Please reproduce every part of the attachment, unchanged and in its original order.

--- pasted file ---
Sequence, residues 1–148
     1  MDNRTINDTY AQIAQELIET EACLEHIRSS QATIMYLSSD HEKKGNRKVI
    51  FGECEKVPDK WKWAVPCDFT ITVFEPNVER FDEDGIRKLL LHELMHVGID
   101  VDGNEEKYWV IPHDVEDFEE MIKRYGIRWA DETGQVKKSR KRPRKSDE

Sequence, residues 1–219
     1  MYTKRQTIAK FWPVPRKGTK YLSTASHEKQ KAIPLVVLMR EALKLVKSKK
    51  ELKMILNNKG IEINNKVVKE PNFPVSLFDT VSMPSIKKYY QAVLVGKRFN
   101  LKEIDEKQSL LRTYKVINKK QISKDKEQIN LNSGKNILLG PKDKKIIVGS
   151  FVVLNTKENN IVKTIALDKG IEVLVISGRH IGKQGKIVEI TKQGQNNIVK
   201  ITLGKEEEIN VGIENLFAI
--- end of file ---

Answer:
Sequence, residues 1–148
     1  MDNRTINDTY AQIAQELIET EACLEHIRSS QATIMYLSSD HEKKGNRKVI
    51  FGECEKVPDK WKWAVPCDFT ITVFEPNVER FDEDGIRKLL LHELMHVGID
   101  VDGNEEKYWV IPHDVEDFEE MIKRYGIRWA DETGQVKKSR KRPRKSDE

Sequence, residues 1–219
     1  MYTKRQTIAK FWPVPRKGTK YLSTASHEKQ KAIPLVVLMR EALKLVKSKK
    51  ELKMILNNKG IEINNKVVKE PNFPVSLFDT VSMPSIKKYY QAVLVGKRFN
   101  LKEIDEKQSL LRTYKVINKK QISKDKEQIN LNSGKNILLG PKDKKIIVGS
   151  FVVLNTKENN IVKTIALDKG IEVLVISGRH IGKQGKIVEI TKQGQNNIVK
   201  ITLGKEEEIN VGIENLFAI